• Middle Keys: Sombrero Reef, about five miles south of Marathon, is good for divers of all levels. Marvel at honeycomb cowfish, nurse sharks, stingrays and arches of coral. The Thunderbolt wreck, in 120 feet of water about seven miles off Marathon, features coral and sponges and such brag-worthy critters as nurse sharks and rays. Expert divers can float up the staircase.

  • Lower Keys: The Looe Key National Marine Sanctuary, about six miles off Big Pine Key, offers a complete reef ecosystem and is the stomping ground for spiny lobsters, various tropicals, nurse sharks and eagle rays. Perfect for beginners who feel safer in the shallows, but there is also a sloping reef for more advanced divers.

    Named after the brew company patriarch, the Adolphus Busch Sr. wreck sits shipshape about eight miles off Big Pine Key and 100 feet below the surface. Look beneath the wheelhouse for the resident 350-pound jewfish.

  • Key West: Joe's Tug, a harbor tugboat that rests about 4 1/2 miles south of Key West and 60 feet deep on the sandy floor, is mostly intact minus its wheelhouse and propeller. Morays, barracudas and jacks call the vessel home. With more than 10 miles of reef, Sand Key, part of a 10-mile reef tract about five miles southwest of Key West, wins the popularity contest. However, Rock Key Reef, one mile east of Sand Key, is less visited and has equally impressive marine life. A half-mile east of Rock Key, Eastern Dry Rocks has a 19th-century cargo shipwreck primed for underwater exploration.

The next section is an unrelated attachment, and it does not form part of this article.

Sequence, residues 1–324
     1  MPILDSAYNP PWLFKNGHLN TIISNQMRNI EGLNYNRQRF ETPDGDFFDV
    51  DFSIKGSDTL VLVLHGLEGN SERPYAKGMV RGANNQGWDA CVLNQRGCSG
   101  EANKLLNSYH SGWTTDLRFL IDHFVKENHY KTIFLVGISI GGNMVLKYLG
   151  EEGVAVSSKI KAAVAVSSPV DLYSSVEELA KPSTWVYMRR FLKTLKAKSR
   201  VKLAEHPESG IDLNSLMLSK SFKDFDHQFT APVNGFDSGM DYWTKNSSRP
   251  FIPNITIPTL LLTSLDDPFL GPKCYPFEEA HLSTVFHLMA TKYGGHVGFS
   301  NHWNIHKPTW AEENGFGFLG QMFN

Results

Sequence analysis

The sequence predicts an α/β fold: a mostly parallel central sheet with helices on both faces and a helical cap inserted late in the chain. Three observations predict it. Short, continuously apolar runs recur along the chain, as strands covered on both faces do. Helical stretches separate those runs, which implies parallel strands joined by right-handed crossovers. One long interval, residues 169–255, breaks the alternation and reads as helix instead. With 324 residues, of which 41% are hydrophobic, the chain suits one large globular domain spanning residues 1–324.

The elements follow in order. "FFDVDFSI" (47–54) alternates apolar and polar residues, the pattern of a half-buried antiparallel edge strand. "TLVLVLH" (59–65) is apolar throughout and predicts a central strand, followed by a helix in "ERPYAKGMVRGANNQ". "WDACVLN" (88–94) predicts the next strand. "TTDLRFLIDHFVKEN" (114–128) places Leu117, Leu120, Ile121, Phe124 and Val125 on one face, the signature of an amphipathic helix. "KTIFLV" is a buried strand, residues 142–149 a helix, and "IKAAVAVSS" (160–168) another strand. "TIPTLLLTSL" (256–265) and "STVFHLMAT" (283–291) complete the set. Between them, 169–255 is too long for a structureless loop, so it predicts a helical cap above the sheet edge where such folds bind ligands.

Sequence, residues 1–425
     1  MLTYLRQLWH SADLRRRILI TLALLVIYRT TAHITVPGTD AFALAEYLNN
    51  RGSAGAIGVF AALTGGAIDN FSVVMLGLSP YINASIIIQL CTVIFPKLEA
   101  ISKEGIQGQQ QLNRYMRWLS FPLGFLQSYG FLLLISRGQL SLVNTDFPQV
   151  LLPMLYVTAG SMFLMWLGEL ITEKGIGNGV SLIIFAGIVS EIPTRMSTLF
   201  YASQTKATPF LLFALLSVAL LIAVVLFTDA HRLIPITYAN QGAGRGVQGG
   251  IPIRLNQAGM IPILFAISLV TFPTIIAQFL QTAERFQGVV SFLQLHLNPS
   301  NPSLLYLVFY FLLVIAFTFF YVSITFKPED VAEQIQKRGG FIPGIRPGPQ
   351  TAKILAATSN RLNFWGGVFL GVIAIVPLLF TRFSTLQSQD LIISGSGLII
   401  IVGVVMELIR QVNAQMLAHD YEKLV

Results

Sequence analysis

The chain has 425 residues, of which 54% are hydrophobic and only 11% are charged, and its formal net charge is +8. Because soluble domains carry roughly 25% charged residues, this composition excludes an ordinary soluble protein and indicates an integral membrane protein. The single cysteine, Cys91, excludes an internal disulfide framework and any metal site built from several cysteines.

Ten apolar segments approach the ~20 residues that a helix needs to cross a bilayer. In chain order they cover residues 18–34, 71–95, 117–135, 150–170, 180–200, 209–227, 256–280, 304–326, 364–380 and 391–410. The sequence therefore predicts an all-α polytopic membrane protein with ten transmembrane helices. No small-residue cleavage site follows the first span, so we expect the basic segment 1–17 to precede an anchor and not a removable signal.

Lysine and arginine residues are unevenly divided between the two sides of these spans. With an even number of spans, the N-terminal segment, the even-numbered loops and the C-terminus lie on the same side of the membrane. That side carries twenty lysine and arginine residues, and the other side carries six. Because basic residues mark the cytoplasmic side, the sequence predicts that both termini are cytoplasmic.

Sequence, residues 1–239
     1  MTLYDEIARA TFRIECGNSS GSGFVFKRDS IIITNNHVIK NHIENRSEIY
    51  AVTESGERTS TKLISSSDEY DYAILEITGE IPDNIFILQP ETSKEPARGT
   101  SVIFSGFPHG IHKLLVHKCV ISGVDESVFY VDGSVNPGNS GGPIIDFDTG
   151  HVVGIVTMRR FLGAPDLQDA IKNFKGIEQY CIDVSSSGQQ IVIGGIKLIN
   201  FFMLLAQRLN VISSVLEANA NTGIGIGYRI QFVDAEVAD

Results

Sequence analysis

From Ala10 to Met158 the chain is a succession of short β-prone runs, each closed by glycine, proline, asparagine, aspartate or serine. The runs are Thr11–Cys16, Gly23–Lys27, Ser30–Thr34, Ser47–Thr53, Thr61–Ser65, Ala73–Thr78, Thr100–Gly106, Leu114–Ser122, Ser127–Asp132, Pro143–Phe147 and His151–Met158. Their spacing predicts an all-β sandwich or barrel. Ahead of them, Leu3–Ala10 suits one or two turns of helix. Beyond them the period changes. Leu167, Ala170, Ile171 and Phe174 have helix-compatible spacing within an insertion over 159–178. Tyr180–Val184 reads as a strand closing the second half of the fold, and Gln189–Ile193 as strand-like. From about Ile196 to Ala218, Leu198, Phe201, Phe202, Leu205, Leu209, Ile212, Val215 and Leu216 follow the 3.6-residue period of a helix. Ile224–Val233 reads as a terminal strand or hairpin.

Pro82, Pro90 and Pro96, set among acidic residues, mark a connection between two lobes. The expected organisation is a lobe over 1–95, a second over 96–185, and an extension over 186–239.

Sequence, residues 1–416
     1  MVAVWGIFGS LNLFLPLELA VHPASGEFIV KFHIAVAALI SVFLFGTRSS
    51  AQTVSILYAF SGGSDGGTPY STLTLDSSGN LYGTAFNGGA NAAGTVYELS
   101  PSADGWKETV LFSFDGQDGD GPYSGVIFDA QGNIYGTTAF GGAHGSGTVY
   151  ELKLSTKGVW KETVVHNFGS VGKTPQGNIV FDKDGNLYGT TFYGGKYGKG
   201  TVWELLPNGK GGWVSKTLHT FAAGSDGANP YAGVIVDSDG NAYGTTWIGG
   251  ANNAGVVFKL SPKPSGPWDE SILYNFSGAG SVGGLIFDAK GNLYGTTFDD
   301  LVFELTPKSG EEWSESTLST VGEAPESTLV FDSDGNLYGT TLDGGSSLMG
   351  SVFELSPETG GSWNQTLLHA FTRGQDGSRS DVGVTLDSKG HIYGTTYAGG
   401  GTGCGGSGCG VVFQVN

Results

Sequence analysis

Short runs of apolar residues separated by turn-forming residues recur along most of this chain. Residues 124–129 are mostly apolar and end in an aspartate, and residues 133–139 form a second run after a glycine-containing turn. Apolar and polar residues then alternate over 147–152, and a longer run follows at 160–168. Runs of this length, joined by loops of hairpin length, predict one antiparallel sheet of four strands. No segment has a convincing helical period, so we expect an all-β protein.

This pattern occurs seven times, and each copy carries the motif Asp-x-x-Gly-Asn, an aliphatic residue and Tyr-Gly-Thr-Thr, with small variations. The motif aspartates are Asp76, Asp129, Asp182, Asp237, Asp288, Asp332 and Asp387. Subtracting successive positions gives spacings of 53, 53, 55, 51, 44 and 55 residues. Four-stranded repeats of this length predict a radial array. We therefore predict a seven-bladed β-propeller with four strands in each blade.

Dry Tortugas National Park (305-242-7700, www.nps.gov /drto) 70 miles west of Key West and accessible by boat or seaplane, has seven islands surrounded by shoals, reefs, turtles and shipwrecks.

    DIVE COMPANIES

    Dive centers and tours operate throughout the Keys, and some hotels have on-site dive shops and trips. Check each key's tourism office for a list of outfitters and charters.

    Prices vary according to the number of dives per day, type of dive sites and equipment rental. Florida Keys Dive Center (in Tavernier, 800-433-8946, www .floridakeysdivectr.com), for example, charges $72 for two dives, tanks and weights. Looe Key Reef Resort and Dive Center (on Ramrod Key, 800-566-3539, www .diveflakeys.com) charges $70 for a full-day reef or wreck trip (three dives, with tanks and weights). For bed-and-dive accommodations, stay at a dive resort, such as Amy Slate's Amoray Dive Resort (800-426-6729, www .amoray.com) in Key Largo, where you can sleep (from $85) and dive ($60) in one location.

    WHAT TO BRING

    Most dive trips include tanks and weights. It is advisable to bring your own mask, fins and snorkel, but dive shops rent all equipment. Also, remember to carry your PADI or NAUI certification card and dive log.

    Information: Monroe County Tourist Development Council, (800) 648-5510, www.fla-keys .com. Florida Keys National Marine Sanctuary, (305) 743-2437, www.fknms.nos.noaa.gov. For a list of dive sites: www.flkeys diving.com. For dive associations with Florida Keys info: PADI, www.padi.com, and NAUI, www.naui.org.